When Cristiano Ronaldo first arrived in England as a flap-footed eighteen year-old, he became just as famous for his histrionics as his talent.
The pacy winger picked up a reputation for constantly falling theatrically to the floor and moaning to the ref. His manager knew he need to put a stop to it – and in true Alex Ferguson style, his solution was tough but fair.
Speaking to the Daily Mail, former Manchester United coach Tony Coton said: "Ferguson showed what he thought of this kid Ronaldo by handing him the club's iconic No7 shirt when he signed him in 2003. But just as important was the gaffer's ability to recognise his weaknesses.
"One flaw was his habit of falling to the floor like a rag doll every time he lost a tackle. Sir Alex embarked on a mission to toughen him up. Members of the coaching staff were encouraged to turn a blind eye if they saw Ronaldo being fouled in practice matches and small-sided games."
Ferguson allowed experienced players like Rio Ferdinand and Roy Keane to rough Ronaldo up during training sessions and leave him complaining on the turf.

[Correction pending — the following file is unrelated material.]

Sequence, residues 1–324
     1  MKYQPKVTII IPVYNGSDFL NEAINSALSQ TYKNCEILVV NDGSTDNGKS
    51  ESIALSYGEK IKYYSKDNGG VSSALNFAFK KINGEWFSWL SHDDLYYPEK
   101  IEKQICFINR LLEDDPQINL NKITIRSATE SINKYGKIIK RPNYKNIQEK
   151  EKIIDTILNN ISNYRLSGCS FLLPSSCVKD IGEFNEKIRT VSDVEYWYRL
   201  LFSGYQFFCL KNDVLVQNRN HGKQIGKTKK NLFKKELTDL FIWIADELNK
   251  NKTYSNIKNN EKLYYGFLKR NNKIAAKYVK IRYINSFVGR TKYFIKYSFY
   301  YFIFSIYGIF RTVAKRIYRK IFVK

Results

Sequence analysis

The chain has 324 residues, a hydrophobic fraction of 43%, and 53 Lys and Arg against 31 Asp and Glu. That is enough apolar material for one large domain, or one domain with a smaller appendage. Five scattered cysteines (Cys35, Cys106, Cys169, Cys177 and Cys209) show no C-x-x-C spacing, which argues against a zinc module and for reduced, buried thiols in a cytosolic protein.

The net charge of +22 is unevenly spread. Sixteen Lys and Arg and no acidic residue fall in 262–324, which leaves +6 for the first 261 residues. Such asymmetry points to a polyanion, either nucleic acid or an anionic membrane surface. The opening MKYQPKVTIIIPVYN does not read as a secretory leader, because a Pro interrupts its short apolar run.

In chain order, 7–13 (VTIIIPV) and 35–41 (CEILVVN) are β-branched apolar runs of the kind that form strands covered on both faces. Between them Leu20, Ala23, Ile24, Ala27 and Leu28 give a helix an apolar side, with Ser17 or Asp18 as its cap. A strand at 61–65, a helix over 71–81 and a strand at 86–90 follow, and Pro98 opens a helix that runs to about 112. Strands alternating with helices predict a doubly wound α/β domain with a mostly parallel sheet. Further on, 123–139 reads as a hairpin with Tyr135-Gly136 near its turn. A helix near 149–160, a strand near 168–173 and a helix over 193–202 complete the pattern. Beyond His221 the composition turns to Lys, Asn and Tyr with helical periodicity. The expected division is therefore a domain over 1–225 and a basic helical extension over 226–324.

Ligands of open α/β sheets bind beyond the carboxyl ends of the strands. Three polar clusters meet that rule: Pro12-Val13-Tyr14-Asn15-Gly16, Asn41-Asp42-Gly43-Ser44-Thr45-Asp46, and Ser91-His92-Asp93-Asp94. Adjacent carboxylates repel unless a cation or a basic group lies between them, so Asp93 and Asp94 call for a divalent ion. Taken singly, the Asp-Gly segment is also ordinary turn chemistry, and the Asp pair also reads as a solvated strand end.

"These games were intense and no prisoners were taken," added Coton. "Poor Ronaldo didn't know what hit him as team-mates he'd been sharing a joke with him gave him the kind of treatment that was no laughing matter.
"When a free-kick was not forthcoming, he'd throw his hands up in outrage and sit on the turf muttering Portuguese curses while the game continued around him.
"Toughened pros like Roy Keane, Rio Ferdinand would lambast him for being soft. It was tough love and slowly but surely, the message began to seep into our winger's consciousness."
Now we finally know why Ronaldo spent the summer of 2005 in the gym: self-preservation.